Thursday, April 09, 2009

Housing MPs then and now 

If I remember correctly, the Scot Nats once had a particularly uproarious solution to the problem of long-distance London living. After the October 1974 Westminster election, where they won 11 seats, the party took over (whether purchased or leased I know not) a small hotel in London and made it the SNP watering hole in Sassenach territory, and the English home for most if not all their MPs. Since the premises included a licensed bar the SNP political world rapidly gained a reputation for conviviality and – if you believe the likes of Private Eye - vivid interpersonal relationships. The SNP of course collapsed to two seats at the 1979 election (did the heat of vivid relationships contribute to this?) so the hostelry experiment ended then.

One reason for the social element was that Parliament still sat extraordinary hours in those days – session starting at 3.30 in the afternoon and lasting until 10.30 in the evening. MPs who attended debates to the end rarely got home before 11pm even in central London and many attended debates via the ever-open Palace of Westmisnter bars..

The idea of commuting to (say) Watford was not quite as feasible as it is today.

Another difference to today. Many old-style MPs such as Roy Jenkins (in his Labour years) never entertained this notion of living in the constituency. Roy lived near Didcot in Oxfordshire where he could conveniently catch a train to London or to his Birmingham constituency. Most other MPs were similarly at arms length to their constituents. It was the raise of the Liberals and our local campaigning that changed these expectations – our Liberal MPs had to be super-active on constituency issues, and the other parties eventually cottoned on to the fact that their own MPs were vulnerable to a ‘local activist’ insurgency and had to have a personal local base not just a constituency office.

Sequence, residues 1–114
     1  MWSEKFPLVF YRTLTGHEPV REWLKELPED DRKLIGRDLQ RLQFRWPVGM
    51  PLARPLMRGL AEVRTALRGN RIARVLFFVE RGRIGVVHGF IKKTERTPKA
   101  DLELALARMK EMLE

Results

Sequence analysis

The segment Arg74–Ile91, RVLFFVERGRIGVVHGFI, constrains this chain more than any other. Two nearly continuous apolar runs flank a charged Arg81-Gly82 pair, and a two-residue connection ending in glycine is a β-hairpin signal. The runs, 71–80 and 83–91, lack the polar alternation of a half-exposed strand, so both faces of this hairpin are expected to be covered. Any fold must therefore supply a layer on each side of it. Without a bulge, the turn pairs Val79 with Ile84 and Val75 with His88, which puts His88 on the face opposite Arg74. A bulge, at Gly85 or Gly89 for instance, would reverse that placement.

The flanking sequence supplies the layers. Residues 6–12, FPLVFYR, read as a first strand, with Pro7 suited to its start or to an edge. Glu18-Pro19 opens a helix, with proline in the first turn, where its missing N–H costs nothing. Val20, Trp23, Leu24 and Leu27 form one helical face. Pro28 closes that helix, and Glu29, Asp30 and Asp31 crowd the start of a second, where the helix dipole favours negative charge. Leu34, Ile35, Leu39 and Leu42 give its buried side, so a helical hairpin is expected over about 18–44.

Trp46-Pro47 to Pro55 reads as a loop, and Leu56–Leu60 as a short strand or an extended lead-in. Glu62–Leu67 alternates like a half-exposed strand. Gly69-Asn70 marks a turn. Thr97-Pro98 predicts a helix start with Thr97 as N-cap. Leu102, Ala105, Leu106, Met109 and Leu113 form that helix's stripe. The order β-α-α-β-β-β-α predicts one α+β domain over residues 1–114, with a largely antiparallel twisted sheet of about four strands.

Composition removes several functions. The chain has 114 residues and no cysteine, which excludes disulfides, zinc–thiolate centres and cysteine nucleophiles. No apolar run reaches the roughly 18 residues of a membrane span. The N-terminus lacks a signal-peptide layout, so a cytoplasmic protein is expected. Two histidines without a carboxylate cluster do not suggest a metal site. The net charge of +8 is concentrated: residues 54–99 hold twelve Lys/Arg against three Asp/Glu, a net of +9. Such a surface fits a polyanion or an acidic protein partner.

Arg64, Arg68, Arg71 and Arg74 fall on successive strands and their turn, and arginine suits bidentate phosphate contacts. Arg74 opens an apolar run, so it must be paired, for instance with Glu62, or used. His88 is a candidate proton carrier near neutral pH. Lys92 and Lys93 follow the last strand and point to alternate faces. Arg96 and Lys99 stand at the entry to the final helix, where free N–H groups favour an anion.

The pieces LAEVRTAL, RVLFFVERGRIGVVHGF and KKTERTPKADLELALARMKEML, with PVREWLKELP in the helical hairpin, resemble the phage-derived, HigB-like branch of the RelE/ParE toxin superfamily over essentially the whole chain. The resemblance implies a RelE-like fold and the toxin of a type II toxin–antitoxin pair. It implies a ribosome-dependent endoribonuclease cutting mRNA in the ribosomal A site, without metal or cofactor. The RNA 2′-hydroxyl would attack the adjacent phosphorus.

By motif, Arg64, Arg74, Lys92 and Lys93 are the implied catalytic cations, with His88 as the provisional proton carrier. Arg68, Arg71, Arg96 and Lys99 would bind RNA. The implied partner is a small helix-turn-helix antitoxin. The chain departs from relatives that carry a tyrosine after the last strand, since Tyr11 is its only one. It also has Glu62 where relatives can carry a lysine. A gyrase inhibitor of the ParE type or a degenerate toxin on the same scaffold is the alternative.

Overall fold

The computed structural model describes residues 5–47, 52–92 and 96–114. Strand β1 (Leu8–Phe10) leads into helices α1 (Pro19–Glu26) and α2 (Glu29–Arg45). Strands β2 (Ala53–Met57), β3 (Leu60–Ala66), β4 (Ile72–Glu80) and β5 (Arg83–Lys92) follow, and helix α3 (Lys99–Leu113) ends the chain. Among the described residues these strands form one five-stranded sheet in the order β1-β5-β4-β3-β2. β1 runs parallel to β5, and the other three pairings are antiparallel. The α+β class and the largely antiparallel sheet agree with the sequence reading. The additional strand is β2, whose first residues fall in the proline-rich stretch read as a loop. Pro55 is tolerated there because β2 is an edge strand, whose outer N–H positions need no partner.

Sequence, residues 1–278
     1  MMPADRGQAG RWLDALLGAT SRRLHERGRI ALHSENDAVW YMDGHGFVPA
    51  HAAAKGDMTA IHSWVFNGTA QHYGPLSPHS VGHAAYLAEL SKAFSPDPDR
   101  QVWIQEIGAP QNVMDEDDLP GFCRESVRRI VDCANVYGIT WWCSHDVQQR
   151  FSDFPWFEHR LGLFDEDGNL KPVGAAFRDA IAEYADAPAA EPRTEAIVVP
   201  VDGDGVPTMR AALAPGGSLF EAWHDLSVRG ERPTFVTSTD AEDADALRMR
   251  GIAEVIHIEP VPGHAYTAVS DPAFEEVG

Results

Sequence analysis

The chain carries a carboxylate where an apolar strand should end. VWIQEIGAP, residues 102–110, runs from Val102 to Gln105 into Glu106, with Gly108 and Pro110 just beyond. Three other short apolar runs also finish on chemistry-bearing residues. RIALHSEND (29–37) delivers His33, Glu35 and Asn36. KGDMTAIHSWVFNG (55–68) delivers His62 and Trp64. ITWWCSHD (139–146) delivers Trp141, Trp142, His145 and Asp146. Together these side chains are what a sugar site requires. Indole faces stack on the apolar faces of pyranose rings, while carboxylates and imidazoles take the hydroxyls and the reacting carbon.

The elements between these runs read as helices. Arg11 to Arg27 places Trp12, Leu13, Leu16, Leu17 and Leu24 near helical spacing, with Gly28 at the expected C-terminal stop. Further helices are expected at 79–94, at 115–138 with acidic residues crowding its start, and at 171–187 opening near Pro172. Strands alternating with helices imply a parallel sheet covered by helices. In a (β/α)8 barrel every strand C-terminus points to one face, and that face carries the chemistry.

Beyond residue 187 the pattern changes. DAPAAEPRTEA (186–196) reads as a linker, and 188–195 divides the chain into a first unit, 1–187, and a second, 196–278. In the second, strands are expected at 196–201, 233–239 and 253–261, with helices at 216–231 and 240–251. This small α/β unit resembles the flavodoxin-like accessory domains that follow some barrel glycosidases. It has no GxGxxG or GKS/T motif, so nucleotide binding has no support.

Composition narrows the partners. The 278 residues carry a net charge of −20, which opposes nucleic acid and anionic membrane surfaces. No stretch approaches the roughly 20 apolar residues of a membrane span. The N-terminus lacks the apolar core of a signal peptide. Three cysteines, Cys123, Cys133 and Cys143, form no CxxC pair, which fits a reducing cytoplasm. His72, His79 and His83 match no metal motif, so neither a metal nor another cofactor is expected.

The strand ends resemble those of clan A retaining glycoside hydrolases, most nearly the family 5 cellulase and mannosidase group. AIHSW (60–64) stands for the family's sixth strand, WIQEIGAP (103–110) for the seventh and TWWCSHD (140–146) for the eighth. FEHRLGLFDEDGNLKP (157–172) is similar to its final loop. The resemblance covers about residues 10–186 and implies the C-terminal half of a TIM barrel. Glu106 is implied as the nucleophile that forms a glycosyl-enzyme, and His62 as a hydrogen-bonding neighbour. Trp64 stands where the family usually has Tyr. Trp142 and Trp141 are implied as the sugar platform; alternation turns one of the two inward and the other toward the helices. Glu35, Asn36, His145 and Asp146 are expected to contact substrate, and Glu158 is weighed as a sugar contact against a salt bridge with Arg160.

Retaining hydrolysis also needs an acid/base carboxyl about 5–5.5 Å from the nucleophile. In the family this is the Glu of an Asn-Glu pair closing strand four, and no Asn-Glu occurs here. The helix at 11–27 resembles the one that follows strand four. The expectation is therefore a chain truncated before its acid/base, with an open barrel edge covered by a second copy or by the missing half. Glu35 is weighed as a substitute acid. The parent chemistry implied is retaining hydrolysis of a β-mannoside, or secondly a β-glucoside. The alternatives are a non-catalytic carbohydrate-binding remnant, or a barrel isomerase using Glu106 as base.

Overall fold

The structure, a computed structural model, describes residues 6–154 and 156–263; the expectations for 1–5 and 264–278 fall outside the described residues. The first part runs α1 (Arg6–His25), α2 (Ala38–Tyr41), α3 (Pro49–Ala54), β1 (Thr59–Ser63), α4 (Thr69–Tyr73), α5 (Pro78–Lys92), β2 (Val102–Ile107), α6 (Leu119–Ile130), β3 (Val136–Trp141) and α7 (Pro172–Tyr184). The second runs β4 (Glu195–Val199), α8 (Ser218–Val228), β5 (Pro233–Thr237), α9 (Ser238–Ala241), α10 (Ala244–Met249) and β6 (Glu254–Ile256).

So perhaps we are partly to blame for the crisis of expectations over many houses for MPs?

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I am a bit confused by this as parliament still tends to sit to 10.30pm on Mondays and Tuesdays.

The old system was into the morning. In some ways it was better because fewer things of importance were talked out.
John, in the old days the Commons sat until 10.30 most nights in session. It was one of New Labours reforms to bring in more morning sittings. The culture beforehand was very much one of late nights every night.
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